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Council awards $22.5M contract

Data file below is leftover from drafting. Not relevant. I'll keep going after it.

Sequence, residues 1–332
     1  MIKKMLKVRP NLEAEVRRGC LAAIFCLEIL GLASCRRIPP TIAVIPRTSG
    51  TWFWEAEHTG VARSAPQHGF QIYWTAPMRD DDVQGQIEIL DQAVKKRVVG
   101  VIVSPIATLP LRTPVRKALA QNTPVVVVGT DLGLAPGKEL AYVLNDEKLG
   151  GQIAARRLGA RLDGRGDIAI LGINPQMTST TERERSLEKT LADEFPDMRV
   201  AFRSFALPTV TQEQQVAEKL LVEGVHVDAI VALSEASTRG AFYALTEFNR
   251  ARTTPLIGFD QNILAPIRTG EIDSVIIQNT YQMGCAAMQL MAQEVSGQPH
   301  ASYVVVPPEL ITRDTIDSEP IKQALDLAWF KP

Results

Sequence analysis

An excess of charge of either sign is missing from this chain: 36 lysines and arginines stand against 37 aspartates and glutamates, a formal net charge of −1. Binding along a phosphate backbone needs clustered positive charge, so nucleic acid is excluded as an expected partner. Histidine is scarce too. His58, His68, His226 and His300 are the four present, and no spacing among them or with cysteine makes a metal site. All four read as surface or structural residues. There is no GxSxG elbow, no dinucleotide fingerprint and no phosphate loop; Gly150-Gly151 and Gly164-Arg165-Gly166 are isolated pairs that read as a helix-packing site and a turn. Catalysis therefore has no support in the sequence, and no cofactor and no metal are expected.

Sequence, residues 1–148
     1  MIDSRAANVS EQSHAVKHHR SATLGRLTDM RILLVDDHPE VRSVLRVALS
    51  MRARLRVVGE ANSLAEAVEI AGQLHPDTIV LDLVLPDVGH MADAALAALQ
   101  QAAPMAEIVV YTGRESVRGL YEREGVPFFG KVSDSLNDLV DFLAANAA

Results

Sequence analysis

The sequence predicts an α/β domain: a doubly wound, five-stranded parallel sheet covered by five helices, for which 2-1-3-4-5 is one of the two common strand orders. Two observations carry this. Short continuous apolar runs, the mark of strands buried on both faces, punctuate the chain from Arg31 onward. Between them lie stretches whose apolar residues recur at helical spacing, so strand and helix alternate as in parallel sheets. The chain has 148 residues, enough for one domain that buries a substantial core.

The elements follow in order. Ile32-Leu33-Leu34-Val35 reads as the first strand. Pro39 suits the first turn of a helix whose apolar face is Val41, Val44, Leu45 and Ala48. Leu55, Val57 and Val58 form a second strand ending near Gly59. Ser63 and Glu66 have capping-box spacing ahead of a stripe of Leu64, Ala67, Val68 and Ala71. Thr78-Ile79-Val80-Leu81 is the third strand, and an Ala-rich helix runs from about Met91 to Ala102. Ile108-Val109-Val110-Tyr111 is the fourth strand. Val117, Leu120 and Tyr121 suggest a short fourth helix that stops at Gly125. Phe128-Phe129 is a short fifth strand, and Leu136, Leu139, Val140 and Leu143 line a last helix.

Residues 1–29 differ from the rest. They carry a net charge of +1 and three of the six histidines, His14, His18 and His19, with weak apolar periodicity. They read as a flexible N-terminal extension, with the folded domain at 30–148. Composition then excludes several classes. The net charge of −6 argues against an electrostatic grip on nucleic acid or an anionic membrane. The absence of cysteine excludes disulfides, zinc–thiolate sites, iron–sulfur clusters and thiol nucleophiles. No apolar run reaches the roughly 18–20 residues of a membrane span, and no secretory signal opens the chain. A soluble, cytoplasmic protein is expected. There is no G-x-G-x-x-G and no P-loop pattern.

To SA firm for emergency centerDiscussions center on minority subs Controversial Rainbow Materials is listed as subcontractor The City Council voted unanimously Thursday, with the Mayor absent, to approve a $22.57 million contract with Bartlett Cocke, L.P., a general contractor from San Antonio, to build a Combined Emergency Communications and Transportation Management Center. The city’s actual contribution to the project, a three-story office building to be shared with other governmental entities, is $14.2 million. The remaining $8.3 million will be split among Travis County, Texas Department of Transportation and Capital Metro. Council discussion on the proposal centered on minority-owned and women-owned businesses to be subcontracted for the project. Bartlett Cocke was the lowest bidder for the contract, as mandated by law, but not the contractor with the highest percentage of minority- and women-owned businesses proposed as subcontractors. Council Member Raul Alvarez, who made the motion for approval, said even though Bartlett Cocke didn’t rate as high with minority subcontractors, the company had significantly improved its ratio of minority contractors. Minority advocate and former City Council aide Bobbie Enriquez said the law requires the city to select the lowest bidder; but, she pointed out, there is a clause in the law providing the condition that it be “in the best interest of the city.” “We’re at a point where this Council is going to have to make a choice,” she said, to decide if it’s in the best interest of the city. Enriquez said she supported approval of the contract. “What we have here is an interest by this Council to send a message to minority contractors” offering support, she said. The Council approved the contract despite the fact that Rainbow Materials, L.P., was listed as one of the subcontractors. Rainbow Materials is slated to provide $400,000 worth of concrete work for the project. Later in the day, after the Mayor returned, the Council postponed approval of a 12-month supply agreement between Rainbow and Austin Energy. That contract is for a 12-month supply of structural concrete for $240,000, with three 12-month extension options, for a possible total of $960,000. Mayor Pro Tem Jackie Goodman made the motion to postpone because of questions about the company’s environmental record. Council Members have received email that includes a photo of what purports to be a dumpsite used by the company. The site is reportedly on or near the banks of the Colorado River. The Council unanimously approved the postponement, with the Mayor noting that the utility can purchase concrete on a month-to-month basis. Film studio at Mueller Brings big bucks to Austin Austin film studio has created national buzz “Today, film is big business in Austin,” said Gary Bond, director of film marketing with the Austin Convention & Visitors Bureau, as he briefed the City Council Thursday on the current status of the industry here. “Filming has increased exponentially,” he said, noting that there is a “$1,288 return on every dollar spent by the film office.” Last year, said Bond, film liaison for the City of Austin from 1985 to 1995, more than $125 million was spent on film productions in Austin. According to the Texas Film Commission, production costs for movies made in Austin totaled $127.3 million last year on features such as “Spy Kids” and “Miss Congeniality.” The Commission estimates that 50 percent of a project’s production budget is spent locally, which would mean about $224 million has flowed into the Austin economy from film projects over the last seven years. “On-location film production is a low-impact, non-polluting industry that brings a great deal of money to its host communities, while using very few public-supported services, such as schools, health care, etc. And its economic benefit reaches far beyond the people that are hired directly by the production company. Filmmakers working on location depend upon a wide array of suppliers and services, including hotels, restaurants, grocery stores, gas stations, rental car agencies, fabric stores, dry cleaners, office supply stores, furniture rental . . .” according to the Commission. That’s why City Manager Jesus Garza sent out a memo in March to all city department directors requesting them to, “Please make sure that employees of each department are aware that filmmaking is a designated economic development priority of the City Council and this administration. It is our policy to assist filmmakers, to expedite requests for services and to be a public partner in this growing industry . . . I appreciate the efforts of all employees in helping to develop this clean and creative industry in our city, and look forward to more Austin filmmaking in the year ahead.” Suzanne Quinn, studio director at Austin Studios, the new facility on 20 acres at the former Robert Mueller Municipal Airport (RMMA), told the Council that $41.5 million has already come into the local economy from productions there. The facility, which was created through a partnership between the Austin Film Society and the City of Austin, opened only seven months ago (however, “Miss Congeniality,” as well as some other projects, began production at the site last summer). Quinn said the facility has accommodated projects totaling $83.1 million in production budgets, 75 percent of which goes to local hiring. That translates into 682 local jobs created, she said. One production spent $1 million locally on lumber alone, she said, while another spent $200,000 on fuel. The studios, with 79,000 square feet of production space and an 8,000 square foot production office, have garnered much attention nationally, including a significant write up in the Directors Guild of America magazine, which is “incredibly high profile,” she said. Council Member Will Wynn said many local, small companies benefit from the film industry. He recalled “a few days downtown that I called, ‘the Perfect Storm,’” when two separate film productions were being shot simultaneously on Congress Avenue. “The Austin Film Society is an integral part and support mechanism for the local industry,” Wynn said, calling the Austin Studios “a tremendous success.” He noted that the studios fit very well into the RMMA Master Plan. “Clearly the Master Plan calls for civic-industrial use of that land,” something that jibes well with the film studios, he said. Mayor Pro-tem Jackie Goodman said, “I’m very glad you all are here; it’s very exciting.” Bond said Austin got into the film business in 1976 with “Outlaw Blues.” Now Austin is a location chosen more and more frequently by major production companies, many of whom return to work on subsequent projects. “The question is, do filmmakers come here because the crews are so good, or are the crews so good because filmmakers come here? The answer is both,” he said. “We have faired well for many reasons,” he added, citing the location, with its variation in terrain, the climate, the quaint, old-fashioned small towns nearby, and the easy ambiance of Austin. The presence of high profile Austinites in the industry, such as Sandra Bullock, Richard Linklater, and Mike Judge has helped, he said, but the City Council is responsible for the recent “quantum leap” in the success of the industry. “I can tell you, the Robert Mueller (Austin) Studios have created a huge buzz in the industry,” Bond said. Council postpones neighborhood Plans for Hyde Park and Baptist church Four Planning Commissioners want to reconsider their vote Consideration of two neighborhood plans, one for the Hyde Park neighborhood and one for the Hyde Park Baptist Church, was postponed because four members of the Planning Commission requested a chance to reconsider them. In a letter to Alice Glasco, director of the Neighborhood Planning and Zoning Department, Chair Betty Baker, and Commissioners Sterling Lands, Silver Garza and Ray Vrudhula said that “information from staff was confusing, especially as it related to the church’s 1990 NCCD” (Neighborhood Conservation Combining District). The church has been acquiring property in a “growth corridor” to the south and west as outlined in a 1990 agreement, and had wanted that new land included in its own zoning overlay. The commission approved Baker’s motion to allow the church to add land to its NCCD, but also decided to include the church’s NCCD as a sub-district within the overall Hyde Park NCCD—with a condition. Baker and those who joined her in the letter, believed that their vote was to allow the zoning regulations in place on the church’s property to remain the same as they were in the church’s 1990 NCCD. The confusion was apparent a day after the vote when Commissioner Robin Cravey said that the Hyde Park NCCD would affect development on the church’s property, but Baker said it would not. (See In Fact Daily, May 23 and May 24, 2001) The Council postponed the case to July 19, the only meeting date next month. However, Principal Planner Greg Guernsey said six members of the commission must vote affirmatively to reconsider a matter. Since Commissioner Ben Heimsath lives in Hyde Park, he has recused himself, leaving eight commission members to deal with this matter. It seems unlikely that two commissioners who thought they were approving plans to allow the neighborhood plan to dictate development on church property will vote to reconsider, said Commissioner Jean Mather. That means the same hot potato will come back to the City Council next month, with a muddled Planning Commission recommendation. Susan Moffat and Karen McGraw, neighborhood activists who participated in the planning process expressed disappointment over the postponement, blaming the church for the delay. The church’s attorney, Richard Suttle, was not present at yesterday’s Council meeting. ©2001 In Fact News, Inc. All rights reserved. Land cleared . . . Environmental Board member Tim Jones reports that the Bradfield tract, at the southeast corner of MoPac and Loop 360, has been clear-cut by the new owner, Prentiss Properties. The company plans to build two office buildings on the site. The property has been the subject of a number of lawsuits, including one still pending— Save Barton Creek Association vs. Texas Natural Resource Conservation Commission. . . City Council turns down high-rise on Town Lake . . . The Council last night rejected plans for an apartment tower on Riverside Drive, just east of I-35. Developer John Cathey asked for MF-6 zoning, which would allow a 90-foot tall building, but the Council said MF-4, with a 60-foot height limit, would be tall enough. Neighbors and lake enthusiasts came out to speak against the tower—though not against the apartment complex itself. Jim Bennett, representing the applicant, told In Fact Daily after the vote that it would be difficult to build the high quality complex his client wants at 60 feet, given the other constraints of the Town Lake Overlay. He said they would have to explore options before a second reading of the zoning ordinance . . . Martin honored . . . City Attorney Andy Martin received the city’s Distinguished Service Award Thursday. He’s resigning, effective June 30th, to pursue opportunities in the private sector. “As a City Attorney, your job is more than just knowing the law,” said Mayor Kirk Watson in making the presentation. “Your job ends up being a counselor, a psychologist, a baby sitter . . . Andy has been somebody who’s been an asset to the city, and somebody we’ve come to rely on in all of those capacities—also in the capacity of a friend.” For his part, Martin offered thanks to Watson, City Manager Jesus Garza, Council members, and several city staffers. “This is the best job I’ve ever had,” Martin said. “I’ll always remember and enjoy that” . . . They haven’t forgotten . . . Buda real estate broker John Sanford reminded the Austin City Council that residents of Northern Hays County haven’t forgotten about Austin’s ETJ. Mayor Kirk Watson has been working with Buda Mayor Billy Gray and other members of that town’s City Council on a plan to release the land in the ETJ to Buda’s control (See In Fact Daily, May 31, 2001) but apparently have not reached an agreement. There had been indications from Buda council members that a deal could be considered by that body sometime this month, but Sanford said Buda Council Member Byron Warren announced at the group’s meeting earlier this week that the deal wouldn’t be ready before late July. “This announcement at the Buda City Council meeting was a disappointment, to say the least,” Sanford said.